You know, it’s no accident that guitar music happened so much in Spain. It evolved from the Lutes/Ouds that were brought by the Moors into the south of Spain. And they didn’t just bring the instruments, they brought culture and ideas and an Arabic sort of soul. So now that you’ve heard Sabicas, take another listen to Munir Bashir and see if you can hear how flamenco evolved from Arabic music. Interestingly Munir & Sabicas occupy very similar positions in their respective musics: masters of tradition and inimitable innovators who have influenced literally everyone to come since them.
Really, if you can just ignore the differences in scales, the musics are very similar. Like, listen to the flamenco handclaps and then listen to the percussion behind Munir’s oud. Or the way they’ll play a flurry of notes and then just stop dead, leaving their musical cloud to dangle on the brink. And this points to the mystery – the hole! – which is at the heart of these musics, and let me tell you – it sure as hell didn’t come out of any European church / court music. It came from people who can never name God, so who must constantly make reference to his unfathomable presence through the patterns of emptiness and splendor that is this mosaic of sound.
Now, some musicological details from the booklet of the album below:
MUNIR BACHIR – OUD SOLOS
The form taken in Iraq by the sawt of hidjaz is the maqam which is the most perfect and noblest form the scholarly music of that country can offer. The maqam is performed by one singer (the qari) and three musicians who play respectively the santur – a cithara derived from the Greek psaltery, the djoza – a vielle resting on a pike and the tabla or dûnbak – a double drum. To constitute the djalghi baghdadi of nawbah another kind of drum is added: a riq – the drumhead of which is stretched on a wooden frame, – The principal part characteristic of the maqam is a poem written in one of the sixteen varieties of classical metres either in literary Arabic or in spoken language. In the latter case the poem is called zûhairi.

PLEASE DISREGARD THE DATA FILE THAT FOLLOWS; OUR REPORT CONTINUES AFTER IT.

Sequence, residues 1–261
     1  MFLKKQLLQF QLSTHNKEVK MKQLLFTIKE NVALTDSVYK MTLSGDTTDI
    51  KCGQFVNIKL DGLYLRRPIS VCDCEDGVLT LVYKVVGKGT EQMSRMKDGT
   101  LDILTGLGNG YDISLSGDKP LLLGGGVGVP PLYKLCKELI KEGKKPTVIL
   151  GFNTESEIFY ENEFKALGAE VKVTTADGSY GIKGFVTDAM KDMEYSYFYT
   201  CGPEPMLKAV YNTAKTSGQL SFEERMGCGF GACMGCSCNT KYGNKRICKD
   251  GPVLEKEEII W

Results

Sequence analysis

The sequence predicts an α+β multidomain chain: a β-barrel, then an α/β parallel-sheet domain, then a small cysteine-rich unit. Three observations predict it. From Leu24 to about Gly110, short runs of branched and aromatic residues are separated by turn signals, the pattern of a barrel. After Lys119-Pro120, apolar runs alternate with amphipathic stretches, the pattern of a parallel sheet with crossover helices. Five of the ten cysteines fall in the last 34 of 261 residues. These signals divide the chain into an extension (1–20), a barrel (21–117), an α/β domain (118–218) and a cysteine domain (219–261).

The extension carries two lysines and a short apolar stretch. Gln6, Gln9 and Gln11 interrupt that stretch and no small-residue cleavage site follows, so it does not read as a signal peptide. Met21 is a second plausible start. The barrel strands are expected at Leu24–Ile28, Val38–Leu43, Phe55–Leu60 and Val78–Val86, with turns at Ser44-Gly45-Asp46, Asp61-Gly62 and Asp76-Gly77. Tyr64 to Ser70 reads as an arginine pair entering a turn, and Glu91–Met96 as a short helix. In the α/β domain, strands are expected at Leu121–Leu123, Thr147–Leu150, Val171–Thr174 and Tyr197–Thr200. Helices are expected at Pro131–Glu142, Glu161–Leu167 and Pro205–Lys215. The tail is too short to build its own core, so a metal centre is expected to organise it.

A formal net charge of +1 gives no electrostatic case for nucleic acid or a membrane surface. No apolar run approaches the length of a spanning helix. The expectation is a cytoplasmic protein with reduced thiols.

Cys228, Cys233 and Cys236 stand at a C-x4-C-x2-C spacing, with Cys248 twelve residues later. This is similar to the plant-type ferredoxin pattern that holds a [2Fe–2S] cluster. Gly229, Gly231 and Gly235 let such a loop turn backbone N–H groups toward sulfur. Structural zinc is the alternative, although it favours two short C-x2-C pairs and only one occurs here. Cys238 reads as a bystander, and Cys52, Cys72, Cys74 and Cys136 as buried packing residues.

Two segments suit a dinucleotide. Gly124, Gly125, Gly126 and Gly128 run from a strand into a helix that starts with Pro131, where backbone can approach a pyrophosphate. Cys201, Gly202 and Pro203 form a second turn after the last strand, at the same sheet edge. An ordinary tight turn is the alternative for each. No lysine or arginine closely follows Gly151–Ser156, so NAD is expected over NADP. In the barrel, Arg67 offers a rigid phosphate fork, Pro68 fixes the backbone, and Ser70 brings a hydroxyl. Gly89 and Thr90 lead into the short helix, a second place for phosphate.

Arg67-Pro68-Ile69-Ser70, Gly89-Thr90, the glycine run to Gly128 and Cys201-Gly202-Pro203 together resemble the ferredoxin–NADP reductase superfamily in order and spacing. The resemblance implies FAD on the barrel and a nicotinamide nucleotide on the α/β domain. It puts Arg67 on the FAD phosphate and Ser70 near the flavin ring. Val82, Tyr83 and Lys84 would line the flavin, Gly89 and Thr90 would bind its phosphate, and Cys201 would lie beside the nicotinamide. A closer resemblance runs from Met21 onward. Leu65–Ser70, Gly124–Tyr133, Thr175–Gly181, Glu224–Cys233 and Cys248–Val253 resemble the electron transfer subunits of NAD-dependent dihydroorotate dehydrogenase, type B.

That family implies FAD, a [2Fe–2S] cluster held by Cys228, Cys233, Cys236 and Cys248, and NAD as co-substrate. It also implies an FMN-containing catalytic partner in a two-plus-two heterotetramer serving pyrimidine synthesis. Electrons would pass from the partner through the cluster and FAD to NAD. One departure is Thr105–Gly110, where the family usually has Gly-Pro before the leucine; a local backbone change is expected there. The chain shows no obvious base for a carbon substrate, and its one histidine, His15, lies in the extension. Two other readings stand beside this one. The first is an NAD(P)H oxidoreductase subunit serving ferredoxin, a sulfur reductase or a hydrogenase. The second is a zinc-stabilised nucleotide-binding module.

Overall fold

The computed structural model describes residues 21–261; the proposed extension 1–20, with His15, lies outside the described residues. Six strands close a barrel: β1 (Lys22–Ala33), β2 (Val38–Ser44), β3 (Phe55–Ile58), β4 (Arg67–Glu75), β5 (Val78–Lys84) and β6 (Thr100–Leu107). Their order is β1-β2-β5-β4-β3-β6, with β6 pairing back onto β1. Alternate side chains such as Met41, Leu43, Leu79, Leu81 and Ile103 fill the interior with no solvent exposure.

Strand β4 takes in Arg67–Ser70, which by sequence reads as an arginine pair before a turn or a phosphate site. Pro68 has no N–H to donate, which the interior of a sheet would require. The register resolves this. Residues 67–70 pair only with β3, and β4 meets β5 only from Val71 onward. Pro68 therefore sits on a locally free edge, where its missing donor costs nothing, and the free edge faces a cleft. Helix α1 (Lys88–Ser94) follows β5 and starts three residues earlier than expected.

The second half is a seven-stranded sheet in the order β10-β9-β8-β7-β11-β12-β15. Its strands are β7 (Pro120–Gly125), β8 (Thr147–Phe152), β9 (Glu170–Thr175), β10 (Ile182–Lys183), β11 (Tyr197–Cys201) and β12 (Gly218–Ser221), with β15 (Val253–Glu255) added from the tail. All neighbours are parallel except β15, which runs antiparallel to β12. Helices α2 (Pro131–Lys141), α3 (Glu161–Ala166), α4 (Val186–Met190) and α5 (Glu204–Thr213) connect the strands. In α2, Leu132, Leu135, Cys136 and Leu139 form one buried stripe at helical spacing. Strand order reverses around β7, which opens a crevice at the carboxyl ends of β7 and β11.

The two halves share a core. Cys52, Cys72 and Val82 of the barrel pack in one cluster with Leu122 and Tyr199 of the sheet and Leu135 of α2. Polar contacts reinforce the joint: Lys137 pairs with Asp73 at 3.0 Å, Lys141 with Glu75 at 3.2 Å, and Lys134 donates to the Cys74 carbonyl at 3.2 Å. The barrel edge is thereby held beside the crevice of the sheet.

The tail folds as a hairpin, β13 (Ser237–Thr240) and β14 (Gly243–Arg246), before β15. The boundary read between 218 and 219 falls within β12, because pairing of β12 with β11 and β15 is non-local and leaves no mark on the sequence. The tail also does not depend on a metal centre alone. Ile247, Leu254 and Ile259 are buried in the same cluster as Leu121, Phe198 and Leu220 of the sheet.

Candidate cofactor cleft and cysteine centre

The maqam, the tradition of which has lasted in Iraq for nearly four centuries, has been transmitted orally by the Iraqi masters in an uninterrupted chain between past and present. The singer improvises melodic passages making freely use of different rhythms while passing progressively from one part of the chosen mode to another. Displaying all his virtuosity and flexibility of voice he reaches the acme of the maqam; then leaves it imperceptibly and comes to the final note of the mode after having embroidered musical phrases, all of them proofs of his talent and spirit of invention.
The maqam starts with the tahrir often preceded by an instrumental introduction called badûa and composed on a well-defined rhythm; the singer accompanies the badûa passing alternately from high-pitched notes to low-pitched ones. The tahrir is made of one or more songs, the texts of which may be extended by one or two Arabic, Persian or Turkish interjections added by the singer when the texts of the songs prove too short with regard to the improvised melody. The maqam ends with the taslim or taslom which is a text set to a falling melodic passage ending with the final note of the scale of that maqam. Between the tahrir and the taslim there is a series of melodic passages of variable length which are performed alternately by the singer and the musicians and which develop in turn the different parts of the scale.
The artists who interpret the maqam-s are considered to be authorities on the matter of repertory; they know all about it and are famous for the specific way everyone renders such a maqam. Some of them are famous for the passages they have added to certain maqam-s, others for the composing of whole maqam-s with a view of enriching the already rich repertory.
A concert made up of maqam-s only is called a fasl. In such a fasl the maqam-s are always played in the same order and the fasl is named after the first maqam of the series. The Iraqi repertory offers five fasl-s: bayati – hidjaz – rast – naûa and hûsseïni. At the end of every maqam the orchestra plays a pesté which is a piece of music composed in the same mode as the maqam. This device allows the singer to rest before the beginning of the next maqam. In former times it was usual to play several fasl-s in a musical evening.
Among the masters of the maqam who have carried on its musical tradition, generation after generation, and whose names are still known nowadays, we will mention: Mûlla Hassan Babûdidji (1782-1840) and his pupil Rahmallah Shiltag who taught a whole generation of artists, the most famous of whom were Ahmed Zaidan and Mûlla Osman Almûssili. Many artists of the following generation have Ahmed Zaidan to thank for their musical talent and their fame, for instance Rachid Kandardji (deceased in 1963) and Abbas Chaikhali. Among the artists of the next generation we will quote the great master Mohamed Elkabbandji who was born in 1901 and considered as the greatest of his time for the register of his voice as well as for the precision of his interpretation of the traditional maqam. Endowed with a very good memory, he had memorized a great number of poems, which allowed him to sing what was fit in all circumstances. He was the one who was sent to Cairo in 1932 as an Iraqi representative to the Congress of Arab Music.